In 1933 the Bureau International des Containers (BIC) was created by the International Chamber of Commerce (ICC) in an effort to educate business people in the development of international and intermodal transport and its practical aspects. (BIC) was established in 1933 as Bureau International des Containers.
Since its establishment, the BIC has dealt with all technical and commercial aspects of intermodal transport. In its early years the BIC was primarily active in inland transport (rail and road). Following the war years, the BIC expanded its activities and took on its current name, Bureau International des Containers et du Transport Intermodal, focusing on all aspects of intermodal transportation.
The BIC has played a major role in the organization of maritime transportation containers since the early 1960s, facilitating commercial exchanges and helping define and standardize areas such as technical control, strength, coding, identification, and the marking of containers.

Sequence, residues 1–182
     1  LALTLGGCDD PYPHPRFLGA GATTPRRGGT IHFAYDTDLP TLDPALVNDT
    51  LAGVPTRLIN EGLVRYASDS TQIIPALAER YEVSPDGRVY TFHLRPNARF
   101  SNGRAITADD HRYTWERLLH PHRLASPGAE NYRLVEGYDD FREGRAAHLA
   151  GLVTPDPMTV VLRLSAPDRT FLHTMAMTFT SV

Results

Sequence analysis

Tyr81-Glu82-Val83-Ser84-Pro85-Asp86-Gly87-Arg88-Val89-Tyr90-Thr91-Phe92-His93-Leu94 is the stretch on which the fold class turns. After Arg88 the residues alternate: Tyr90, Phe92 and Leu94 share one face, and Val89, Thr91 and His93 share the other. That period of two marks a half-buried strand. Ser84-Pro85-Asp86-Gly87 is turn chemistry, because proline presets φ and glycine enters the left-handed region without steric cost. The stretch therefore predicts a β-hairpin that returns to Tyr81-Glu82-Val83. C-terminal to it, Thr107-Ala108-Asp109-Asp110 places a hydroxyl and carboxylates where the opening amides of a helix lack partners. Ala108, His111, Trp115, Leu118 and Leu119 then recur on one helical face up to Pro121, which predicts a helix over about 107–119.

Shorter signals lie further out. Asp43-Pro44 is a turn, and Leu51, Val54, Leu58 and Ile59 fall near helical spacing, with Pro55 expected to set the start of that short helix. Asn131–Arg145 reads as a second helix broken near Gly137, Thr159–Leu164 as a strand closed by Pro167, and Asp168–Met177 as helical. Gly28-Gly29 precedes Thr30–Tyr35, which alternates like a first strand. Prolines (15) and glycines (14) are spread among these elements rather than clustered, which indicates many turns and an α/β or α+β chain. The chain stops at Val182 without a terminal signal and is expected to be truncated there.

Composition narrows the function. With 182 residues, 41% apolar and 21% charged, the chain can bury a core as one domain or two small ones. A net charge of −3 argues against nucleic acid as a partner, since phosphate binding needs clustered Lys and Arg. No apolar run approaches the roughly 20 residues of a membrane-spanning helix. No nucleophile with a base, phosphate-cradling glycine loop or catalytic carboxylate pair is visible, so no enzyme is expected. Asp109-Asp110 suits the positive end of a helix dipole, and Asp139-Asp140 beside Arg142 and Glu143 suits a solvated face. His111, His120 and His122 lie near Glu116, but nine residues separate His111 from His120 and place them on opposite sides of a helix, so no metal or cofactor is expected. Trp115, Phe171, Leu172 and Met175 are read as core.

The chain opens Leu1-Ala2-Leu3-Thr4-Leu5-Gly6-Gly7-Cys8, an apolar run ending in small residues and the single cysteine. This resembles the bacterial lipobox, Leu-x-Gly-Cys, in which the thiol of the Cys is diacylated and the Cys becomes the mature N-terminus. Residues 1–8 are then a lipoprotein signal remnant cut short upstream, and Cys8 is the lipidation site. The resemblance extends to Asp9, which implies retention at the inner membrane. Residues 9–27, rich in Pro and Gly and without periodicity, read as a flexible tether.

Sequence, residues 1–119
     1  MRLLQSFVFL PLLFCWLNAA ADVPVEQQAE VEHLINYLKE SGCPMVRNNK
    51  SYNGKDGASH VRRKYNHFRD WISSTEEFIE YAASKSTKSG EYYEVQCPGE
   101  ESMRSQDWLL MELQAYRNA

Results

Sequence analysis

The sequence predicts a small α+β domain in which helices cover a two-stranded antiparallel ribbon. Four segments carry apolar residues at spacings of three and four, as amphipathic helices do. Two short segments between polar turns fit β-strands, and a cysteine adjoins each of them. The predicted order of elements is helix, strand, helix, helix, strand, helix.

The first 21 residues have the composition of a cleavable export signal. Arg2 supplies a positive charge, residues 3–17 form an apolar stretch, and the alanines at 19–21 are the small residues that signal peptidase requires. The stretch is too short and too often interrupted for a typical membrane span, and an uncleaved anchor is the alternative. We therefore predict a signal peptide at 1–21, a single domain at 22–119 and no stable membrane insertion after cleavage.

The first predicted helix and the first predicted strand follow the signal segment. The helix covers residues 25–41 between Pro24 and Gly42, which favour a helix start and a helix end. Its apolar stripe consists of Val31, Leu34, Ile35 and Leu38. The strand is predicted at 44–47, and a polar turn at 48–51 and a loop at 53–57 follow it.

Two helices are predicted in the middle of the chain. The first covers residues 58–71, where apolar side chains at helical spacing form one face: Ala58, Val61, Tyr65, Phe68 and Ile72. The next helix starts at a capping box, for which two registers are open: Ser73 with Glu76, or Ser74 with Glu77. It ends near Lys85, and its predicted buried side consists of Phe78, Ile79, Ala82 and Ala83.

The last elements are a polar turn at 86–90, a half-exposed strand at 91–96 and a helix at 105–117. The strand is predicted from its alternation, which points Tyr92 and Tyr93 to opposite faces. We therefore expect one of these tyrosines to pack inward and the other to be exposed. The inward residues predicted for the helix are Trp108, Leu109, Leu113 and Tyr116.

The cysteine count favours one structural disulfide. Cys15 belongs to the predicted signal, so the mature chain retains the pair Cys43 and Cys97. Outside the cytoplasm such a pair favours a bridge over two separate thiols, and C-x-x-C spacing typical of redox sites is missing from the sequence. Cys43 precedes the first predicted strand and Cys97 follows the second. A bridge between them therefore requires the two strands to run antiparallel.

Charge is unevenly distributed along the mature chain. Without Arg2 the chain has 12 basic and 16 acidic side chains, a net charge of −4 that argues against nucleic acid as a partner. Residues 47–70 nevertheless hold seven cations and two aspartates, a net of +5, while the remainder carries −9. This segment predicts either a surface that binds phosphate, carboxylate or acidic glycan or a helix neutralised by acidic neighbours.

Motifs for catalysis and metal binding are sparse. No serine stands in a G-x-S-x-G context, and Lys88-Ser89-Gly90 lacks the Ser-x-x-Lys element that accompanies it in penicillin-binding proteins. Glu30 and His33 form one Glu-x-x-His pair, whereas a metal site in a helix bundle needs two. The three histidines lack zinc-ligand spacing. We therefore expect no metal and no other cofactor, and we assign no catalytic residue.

In 1970 the BIC developed a well-structured, reliable alphanumeric system for marking containers known as the ‘BIC-CODE’ system. The International Organization for Standardization (ISO) adopted this system in 1972 and entrusted the BIC with the exclusive management of the allocation of the BIC-CODES for international container transport and the publication of its official Register of owners’ codes.
Since the mid-1980s, the BIC has also been involved in the development of combined transport (rail-road and barge-road). With its considerable experience in promoting the expansion of containerization, the BIC has been involved at regional and international levels in the further development of this form of intermodal transport.
The BIC has also contributed to the development and updating of international conventions which have contributed to the tremendous expansion of containerization:
Customs Convention on Containers (CCC) 1972
Istanbul Convention 1990
Convention for Safe Containers (CSC) 1972